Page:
Further research is needed for HIV to be treated by the CRISPR/Cas9 gene editing tool.
The CRISPR/Cas9 gene editing tool has been making headway in the research field with no signs of slowing down, but a recent study published in the Cell Report states that more work needs to be done to better target HIV.
CRISPR/Cas9 can be programmed to target a DNA sequence and split viral DNA. Although many viruses are able to be killed with this targeted approach, some are able to elude the treatment, resulting in the virus becoming more difficult to target.
“When we sequence the viral RNA of escaped HIV, the surprise is that the majority of the mutations that the virus has are nicely aligned at the site where Cas9 cleaves the DNA, which immediately indicates that these mutations, instead of resulting from the errors of viral reverse transcriptase, are rather introduced by the cellular non-homologous end joining machinery when repairing the broken DNA,” said senior study author Chen Liang.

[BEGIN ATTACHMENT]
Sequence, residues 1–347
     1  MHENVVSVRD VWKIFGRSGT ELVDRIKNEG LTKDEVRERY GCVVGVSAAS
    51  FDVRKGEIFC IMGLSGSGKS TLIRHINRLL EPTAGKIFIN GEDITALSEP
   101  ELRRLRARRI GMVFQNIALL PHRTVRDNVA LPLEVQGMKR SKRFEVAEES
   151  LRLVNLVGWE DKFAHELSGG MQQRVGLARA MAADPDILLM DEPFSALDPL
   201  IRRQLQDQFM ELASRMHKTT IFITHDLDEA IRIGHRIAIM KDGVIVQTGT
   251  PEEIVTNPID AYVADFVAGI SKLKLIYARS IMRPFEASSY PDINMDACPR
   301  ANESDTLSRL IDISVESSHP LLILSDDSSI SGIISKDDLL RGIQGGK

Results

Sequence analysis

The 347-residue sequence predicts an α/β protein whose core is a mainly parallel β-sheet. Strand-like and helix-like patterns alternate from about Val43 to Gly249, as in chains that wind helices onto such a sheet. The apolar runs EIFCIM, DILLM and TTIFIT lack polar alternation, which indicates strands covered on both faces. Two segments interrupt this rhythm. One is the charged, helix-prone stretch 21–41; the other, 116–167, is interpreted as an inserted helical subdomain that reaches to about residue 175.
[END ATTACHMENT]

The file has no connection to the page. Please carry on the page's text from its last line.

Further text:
These mutations can vary in size and have the ability to hide from Cas9.
“Some mutations are tiny--only a single nucleotide--but the mutation changes the sequence so Cas9 cannot recognize it anymore,” Liang said. “Such mutations do no harm to the virus, so these resistant viruses can still replicate.”
The study results serve as a warning for those who hope to use CRISPR/Cas9 as an antiviral, however there are strategies that can be used to overcome these limitations.
“CRISPR/Cas9 gives a new hope toward finding a cure, not just for HIV-1, but for many other viruses,” Liang said. “We have a long road toward the goal, and there may be many barriers and limitations that we need to overcome, but we're confident that we will find success.”